By: Brian R. Williams, Mississippi State University
The United States Department of Agriculture released its monthly World Agricultural Supply and Demand Estimates on Jan. 12 that give a closer look into beef supplies and price projections for 2016. While the numbers are an update from a month ago, they are still very helpful in formulating expectations for the year ahead. Beef production for 2015 was revised up by 35 million pounds from last month’s estimate to 23.7 billion pounds. That number is up from 2014 when annual beef production was 24.25 billion pounds. Looking ahead to 2016, beef production is expected to be up nearly 900 million pounds from last year at 24.6 billion pounds. Per capita consumption is expected to be higher in 2016 than a year ago at 54.4 pounds per person, a likely reflection of increased production as well as lower prices. Interestingly, per capita consumption of proteins are expected to increase nearly across the board, with year-over-year increases of 0.4 pounds/person for pork, 1.2 pounds/person for broiler, and 0.6 pounds/person for turkey.
One of the best signs for beef cattle markets in this latest reports are increases in beef exports. Beef exports for 2016 were increased by 50 million pounds from last month’s report while 2015 exports were increased by 40 million pounds. Exports for 2016 are also expected to be 212 million pounds higher than in a year ago, which is a positive sign for cattle markets. As Dr. Peel pointed out last week in his Cow Calf Corner Newsletter, high cattle and beef prices, a strong dollar, and limited production were the primary drivers of lower exports in 2015. Now that prices have fallen over the last few months, we have seen exports begin to increase as indicated in this latest report. Look for more of the same in 2016 as our export customers continue to see lower prices for U.S. beef as well as increased beef production.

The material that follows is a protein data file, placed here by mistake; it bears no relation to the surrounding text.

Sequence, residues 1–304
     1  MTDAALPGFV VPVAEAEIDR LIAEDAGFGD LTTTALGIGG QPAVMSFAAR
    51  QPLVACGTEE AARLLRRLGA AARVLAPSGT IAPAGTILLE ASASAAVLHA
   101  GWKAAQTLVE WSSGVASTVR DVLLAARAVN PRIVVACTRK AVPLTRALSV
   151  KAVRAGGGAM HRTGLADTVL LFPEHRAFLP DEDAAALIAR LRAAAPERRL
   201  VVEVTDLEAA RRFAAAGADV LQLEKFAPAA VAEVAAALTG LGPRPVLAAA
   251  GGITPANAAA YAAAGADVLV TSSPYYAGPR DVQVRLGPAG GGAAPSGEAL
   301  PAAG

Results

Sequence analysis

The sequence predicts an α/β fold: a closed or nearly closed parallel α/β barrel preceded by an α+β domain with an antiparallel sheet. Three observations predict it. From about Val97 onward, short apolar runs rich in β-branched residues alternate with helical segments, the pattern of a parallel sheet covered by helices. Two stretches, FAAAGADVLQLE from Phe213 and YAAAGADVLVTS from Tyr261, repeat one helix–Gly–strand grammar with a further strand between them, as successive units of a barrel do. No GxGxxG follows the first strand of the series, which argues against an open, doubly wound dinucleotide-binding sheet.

The USDA left price projections for 2016 unchanged from a month ago for beef steers. Current projections are expecting that steer prices will likely increase slightly from the first quarter into the second before hitting a holding pattern and hovering in the $130 to $140/cwt range for the remainder of the year. Pork and broiler prices are both expected to be slightly lower in 2016 than they were in 2015, although both are also expected to see an increase from 2015 fourth quarter prices as the year wears on. More price stability should come as good news for producers in nearly all phases of beef production. At the projected price levels, cow-calf producers should still see healthy profit levels over the next year, while feedlots should see improvement in their net returns as prices level out and become more stable. Demand for beef looks to continue to remain strong, and with lower beef prices in the grocery store aisle we should see beef consumption remain strong if not increase some.
The five-area fed steer price ended the week averaging $133.52 for live sales, and $209.57 for dressed; respectively, up $1.68 and down $0.45. Nebraska feeder cattle were trading $4.00 to $8.00 lower on the week with 550-600 pound steers averaging $193.45 and 750-800 pound steers averaging $158.35. Corn was trading $0.12 higher on the week trading at $3.58/bu in Omaha on Thursday.